But I don’t know. I was so close to it back then. [Kicking and Screaming] benefits from that kind of closeness. It’s been a while since I’ve seen it, but when I’m doing it I can get inside the characters and it doesn’t matter that I haven’t been in school in that long. Somehow, I feel like i can relate to what this person’s going through at this point — that’s something Greta and I talked about, which is that we felt like we hadn’t really seen the loneliness of college, particularly in its early stages, onscreen. And I thought that was important.
As someone who had a pretty lonely first semester of college, I think you nailed it.
Yeah. And I felt like that was something important to try to show.
Actually one of the most interesting parts of Mistress America also comes up in the very first scene of Kicking and Screaming, which I was just re-watching on Netflix last night, and that is the ethics of using your life and the lives of the people around you in your writing. Maybe the movie expresses your feelings on the subject, but I’m curious to hear you talk about that aspect of Mistress America.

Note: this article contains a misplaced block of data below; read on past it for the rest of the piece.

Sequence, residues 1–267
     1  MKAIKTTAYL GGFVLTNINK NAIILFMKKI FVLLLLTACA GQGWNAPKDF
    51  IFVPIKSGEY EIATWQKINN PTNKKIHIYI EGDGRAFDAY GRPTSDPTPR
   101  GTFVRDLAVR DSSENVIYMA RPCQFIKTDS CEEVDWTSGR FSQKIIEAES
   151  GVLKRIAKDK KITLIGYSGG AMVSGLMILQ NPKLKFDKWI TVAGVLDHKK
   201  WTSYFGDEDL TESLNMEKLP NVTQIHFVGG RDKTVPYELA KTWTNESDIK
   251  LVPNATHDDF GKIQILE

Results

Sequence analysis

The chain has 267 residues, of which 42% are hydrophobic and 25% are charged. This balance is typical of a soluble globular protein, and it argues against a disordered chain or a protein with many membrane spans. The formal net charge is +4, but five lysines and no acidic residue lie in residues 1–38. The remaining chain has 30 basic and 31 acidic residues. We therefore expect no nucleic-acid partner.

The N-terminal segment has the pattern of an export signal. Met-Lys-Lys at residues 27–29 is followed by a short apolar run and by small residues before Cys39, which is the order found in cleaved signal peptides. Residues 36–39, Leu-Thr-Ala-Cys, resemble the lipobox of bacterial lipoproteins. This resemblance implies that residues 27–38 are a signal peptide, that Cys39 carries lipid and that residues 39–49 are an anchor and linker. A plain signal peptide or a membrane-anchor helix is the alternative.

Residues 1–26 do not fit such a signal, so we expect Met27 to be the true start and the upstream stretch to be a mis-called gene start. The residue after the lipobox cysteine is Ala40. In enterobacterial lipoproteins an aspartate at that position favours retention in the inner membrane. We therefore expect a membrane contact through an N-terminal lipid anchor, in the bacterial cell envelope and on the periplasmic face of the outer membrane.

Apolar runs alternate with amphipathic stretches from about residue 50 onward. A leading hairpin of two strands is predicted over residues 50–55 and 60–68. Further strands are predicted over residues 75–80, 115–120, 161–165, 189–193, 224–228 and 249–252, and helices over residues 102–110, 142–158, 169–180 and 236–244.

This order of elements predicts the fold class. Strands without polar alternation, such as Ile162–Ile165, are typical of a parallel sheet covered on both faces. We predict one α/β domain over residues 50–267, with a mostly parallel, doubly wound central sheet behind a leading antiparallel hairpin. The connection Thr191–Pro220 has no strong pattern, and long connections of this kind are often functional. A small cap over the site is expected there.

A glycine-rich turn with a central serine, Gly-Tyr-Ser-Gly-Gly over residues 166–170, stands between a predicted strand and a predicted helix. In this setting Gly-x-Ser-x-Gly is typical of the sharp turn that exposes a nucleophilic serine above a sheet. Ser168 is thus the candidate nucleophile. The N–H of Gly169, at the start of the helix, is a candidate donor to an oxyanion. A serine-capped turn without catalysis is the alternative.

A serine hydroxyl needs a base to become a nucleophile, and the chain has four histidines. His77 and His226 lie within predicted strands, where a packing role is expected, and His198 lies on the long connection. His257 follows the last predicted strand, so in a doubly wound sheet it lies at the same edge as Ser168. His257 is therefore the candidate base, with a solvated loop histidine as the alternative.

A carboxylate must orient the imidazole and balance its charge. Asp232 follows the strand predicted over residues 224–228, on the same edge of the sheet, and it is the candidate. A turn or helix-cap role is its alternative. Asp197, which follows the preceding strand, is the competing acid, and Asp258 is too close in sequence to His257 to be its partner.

In terms of the characters in the movie, I think they both have a real point of view, and I don’t mean that as a cop out. They both express themselves very well — maybe Brooke at a higher pitch. [laughs] They both have strong feelings about the subject, and they don’t actually really come to terms with that. They kind of have to accept each other knowing that they disagree.
I don’t feel one is more right than the other. And for the characters, the hurt is beyond ethics. It’s really about feeling hurt, and it’s also about feeling seen. Because what’s always moving to me about that relationship is that Tracy, on the one hand you could say betrays Brooke by writing about her. But Tracy also loves Brooke. She sees through it and she loves her. And that can be a very hard thing to deal with, and it’s hard for Brooke.
And I think in some ways, that releases Brooke. She can maybe become more of herself and that’s the thing that’s hard for most of us — being really loved for who you are as opposed to who you want to present yourself as. If someone actually loves you for who you are, it’s like “What’s wrong with this person?”
[laughs] At the end of the film, Brooke has this line about how “New York isn’t the New York I used to know.” As someone who’s lived here for so long, what are your thoughts on the current state of the city?